Ever feel like you’re the only one with a sense of accountability for the success of your business? At West Point an early and clear lesson I learned is that a leader is accountable for everything that happens or fails to happen in his unit. For me, that’s the ultimate statement of accountability.
Translated to small business, that means that you, the business owner, is accountable for creating accountability in your team members!
The leader is accountable for everything that happens or fails to happen
That’s the ultimate statement of accountability. If you let go of that, you wind up blaming external factors, pointing fingers, blaming team members, and generally fault-finding instead of problem-solving.
Here are the things you could be observing in your team members who don’t have a sense of accountability:
- Taking vacation during critical, time-sensitive projects
- Leaving early or coming in late
- Being unaware of deadlines or project statuses
- Giving excuses for lack of productivity or quality problems
- Not being as creative
- Not dotting all the i’s
- Not following up quickly or frequently enough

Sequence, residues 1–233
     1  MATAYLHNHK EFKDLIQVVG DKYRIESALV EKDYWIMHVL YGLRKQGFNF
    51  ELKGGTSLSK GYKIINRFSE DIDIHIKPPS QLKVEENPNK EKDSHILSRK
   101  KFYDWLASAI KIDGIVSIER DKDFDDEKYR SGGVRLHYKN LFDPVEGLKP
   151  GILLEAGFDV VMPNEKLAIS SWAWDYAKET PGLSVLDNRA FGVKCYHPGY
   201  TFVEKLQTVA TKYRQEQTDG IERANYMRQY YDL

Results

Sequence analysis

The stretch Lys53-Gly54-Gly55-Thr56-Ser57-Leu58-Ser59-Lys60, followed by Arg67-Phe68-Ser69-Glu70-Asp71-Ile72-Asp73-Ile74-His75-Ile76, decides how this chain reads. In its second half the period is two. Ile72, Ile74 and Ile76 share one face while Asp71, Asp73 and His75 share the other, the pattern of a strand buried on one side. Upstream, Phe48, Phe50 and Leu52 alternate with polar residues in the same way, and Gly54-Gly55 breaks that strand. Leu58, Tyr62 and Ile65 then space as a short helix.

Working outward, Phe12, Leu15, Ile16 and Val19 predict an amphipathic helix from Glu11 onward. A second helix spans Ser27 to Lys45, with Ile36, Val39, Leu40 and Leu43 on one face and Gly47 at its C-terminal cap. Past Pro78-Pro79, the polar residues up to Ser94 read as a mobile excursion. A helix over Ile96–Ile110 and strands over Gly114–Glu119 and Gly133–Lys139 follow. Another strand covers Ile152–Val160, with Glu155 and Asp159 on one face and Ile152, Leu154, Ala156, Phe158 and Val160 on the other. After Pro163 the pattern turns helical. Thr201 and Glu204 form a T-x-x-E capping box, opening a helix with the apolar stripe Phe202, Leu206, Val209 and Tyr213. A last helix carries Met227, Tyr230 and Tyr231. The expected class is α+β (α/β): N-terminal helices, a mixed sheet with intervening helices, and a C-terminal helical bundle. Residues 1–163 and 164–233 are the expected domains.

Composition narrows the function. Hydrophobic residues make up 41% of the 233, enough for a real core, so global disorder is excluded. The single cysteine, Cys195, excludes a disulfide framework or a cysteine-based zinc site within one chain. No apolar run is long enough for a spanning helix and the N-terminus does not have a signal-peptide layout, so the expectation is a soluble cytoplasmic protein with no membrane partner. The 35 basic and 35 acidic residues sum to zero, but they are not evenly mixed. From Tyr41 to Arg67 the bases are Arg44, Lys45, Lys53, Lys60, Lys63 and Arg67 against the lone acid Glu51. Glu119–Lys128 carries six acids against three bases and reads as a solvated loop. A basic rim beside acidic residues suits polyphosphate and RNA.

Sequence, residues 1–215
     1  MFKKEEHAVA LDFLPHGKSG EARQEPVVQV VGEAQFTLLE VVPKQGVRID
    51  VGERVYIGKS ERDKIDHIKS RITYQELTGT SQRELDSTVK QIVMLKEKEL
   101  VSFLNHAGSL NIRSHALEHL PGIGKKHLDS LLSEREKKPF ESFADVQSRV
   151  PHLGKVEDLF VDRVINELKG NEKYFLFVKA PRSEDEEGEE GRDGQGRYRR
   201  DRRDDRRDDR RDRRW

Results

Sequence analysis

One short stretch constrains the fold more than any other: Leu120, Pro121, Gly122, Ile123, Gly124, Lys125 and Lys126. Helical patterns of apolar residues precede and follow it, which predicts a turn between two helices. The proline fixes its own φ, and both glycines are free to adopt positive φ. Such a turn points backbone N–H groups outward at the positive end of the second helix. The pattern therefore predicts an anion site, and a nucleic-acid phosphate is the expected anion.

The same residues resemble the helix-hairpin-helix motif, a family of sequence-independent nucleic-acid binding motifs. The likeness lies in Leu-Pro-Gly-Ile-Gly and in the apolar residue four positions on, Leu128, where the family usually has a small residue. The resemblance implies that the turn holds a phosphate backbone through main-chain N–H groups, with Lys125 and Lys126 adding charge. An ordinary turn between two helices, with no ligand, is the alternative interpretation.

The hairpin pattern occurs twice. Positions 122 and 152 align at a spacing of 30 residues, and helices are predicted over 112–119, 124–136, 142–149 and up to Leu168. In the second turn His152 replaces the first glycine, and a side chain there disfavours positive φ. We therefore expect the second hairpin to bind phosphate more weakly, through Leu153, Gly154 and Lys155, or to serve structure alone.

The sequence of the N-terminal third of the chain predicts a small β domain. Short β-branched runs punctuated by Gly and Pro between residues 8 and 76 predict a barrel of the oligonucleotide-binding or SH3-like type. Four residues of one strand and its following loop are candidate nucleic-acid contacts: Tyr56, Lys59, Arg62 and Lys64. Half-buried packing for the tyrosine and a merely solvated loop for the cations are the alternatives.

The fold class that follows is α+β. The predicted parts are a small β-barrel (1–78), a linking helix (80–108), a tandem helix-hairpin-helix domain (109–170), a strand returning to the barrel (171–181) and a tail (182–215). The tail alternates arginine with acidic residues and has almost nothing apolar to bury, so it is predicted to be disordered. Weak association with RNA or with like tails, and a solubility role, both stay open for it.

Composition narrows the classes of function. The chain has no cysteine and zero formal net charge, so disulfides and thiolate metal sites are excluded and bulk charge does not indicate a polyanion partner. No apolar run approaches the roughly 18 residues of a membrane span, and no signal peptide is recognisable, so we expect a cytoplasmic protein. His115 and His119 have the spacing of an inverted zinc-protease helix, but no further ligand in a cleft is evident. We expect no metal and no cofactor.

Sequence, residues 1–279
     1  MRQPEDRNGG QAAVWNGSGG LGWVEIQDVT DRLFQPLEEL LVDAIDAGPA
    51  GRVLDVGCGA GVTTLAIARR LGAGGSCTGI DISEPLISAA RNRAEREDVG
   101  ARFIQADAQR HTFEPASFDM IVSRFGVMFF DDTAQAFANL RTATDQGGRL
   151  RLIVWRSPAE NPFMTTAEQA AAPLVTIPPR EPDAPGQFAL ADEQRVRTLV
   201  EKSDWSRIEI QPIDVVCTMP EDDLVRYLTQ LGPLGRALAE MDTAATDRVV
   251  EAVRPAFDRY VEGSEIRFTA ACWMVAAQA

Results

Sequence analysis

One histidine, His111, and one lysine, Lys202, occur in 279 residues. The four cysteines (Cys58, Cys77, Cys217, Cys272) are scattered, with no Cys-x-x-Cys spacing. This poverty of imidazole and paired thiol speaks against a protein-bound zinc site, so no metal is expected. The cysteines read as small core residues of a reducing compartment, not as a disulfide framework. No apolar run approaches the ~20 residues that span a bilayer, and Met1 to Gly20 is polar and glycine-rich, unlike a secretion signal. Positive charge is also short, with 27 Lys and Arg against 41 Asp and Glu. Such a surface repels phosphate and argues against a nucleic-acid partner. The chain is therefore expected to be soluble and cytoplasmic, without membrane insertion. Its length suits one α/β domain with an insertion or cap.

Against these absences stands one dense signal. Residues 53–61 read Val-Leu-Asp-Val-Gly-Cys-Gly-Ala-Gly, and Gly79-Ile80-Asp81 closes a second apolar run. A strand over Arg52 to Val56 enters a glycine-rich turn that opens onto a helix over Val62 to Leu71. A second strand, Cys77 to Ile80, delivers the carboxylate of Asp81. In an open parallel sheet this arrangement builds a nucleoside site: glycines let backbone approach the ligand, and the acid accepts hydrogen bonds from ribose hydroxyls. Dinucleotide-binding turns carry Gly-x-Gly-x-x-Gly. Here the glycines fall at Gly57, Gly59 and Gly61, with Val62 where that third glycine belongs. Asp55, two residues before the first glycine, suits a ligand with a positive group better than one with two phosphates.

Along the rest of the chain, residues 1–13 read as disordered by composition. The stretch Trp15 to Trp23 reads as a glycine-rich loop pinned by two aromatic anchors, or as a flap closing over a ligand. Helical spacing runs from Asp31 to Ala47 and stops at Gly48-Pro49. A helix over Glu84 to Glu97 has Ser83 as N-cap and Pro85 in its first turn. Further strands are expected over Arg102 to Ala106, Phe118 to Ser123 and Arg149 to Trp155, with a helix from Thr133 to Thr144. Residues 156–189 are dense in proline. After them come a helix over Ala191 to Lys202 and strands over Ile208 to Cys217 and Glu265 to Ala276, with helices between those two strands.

- Not communicating with their employees, peers, or with you enough
- Making vague vs specific commitments
When someone doesn’t accept full accountability, they don’t think of the things they should be thinking of; they leave things to others.
As I work with business owners, I often see leaders, whole teams, or individual managers, who aren’t accountable. The result is employees are frustrated, delegation isn’t happening well, customers are dissatisfied, costly mistakes are being made, and on and on. A lack of accountability in even one member of your team debilitates the whole organization.
Compare that to an organization where accountability is established. Every person is saying things like, “it’s on me,” “I blew it,” and “that’s my responsibility.” They’re staying late or coming in early during critical times, they’re reporting problems with solutions vs just reporting problems, and they’re saying “I” and “my” vs “we” and “they.” They make specific commitments and they deliver on those commitments.
Creating accountability – Establish a routine of reporting
Often in our blogposts we’re sharing a 3 or 5 or 6-step process. For creating accountability, it’s a 1-step process—establish a routine of reporting.
Creating accountability starts with being specific about what the expectations are—who’s doing what by when, then establishing a routine of reporting against those goals. Make accountability reporting a part of your team meeting and your meetings with individuals and do it weekly or every other week. Use your 90-day action plan as your planning tool, then use it in your weekly meetings to make sure people are on track.
Creating accountability begins to take on a life of its own
When people see their peers stepping up and taking accountability on a regular basis and following through on their commitments, their natural tendency to assimilate causes them to step up and do the same. Accountability becomes the cultural norm… and then you couldn’t get rid of it if you tried!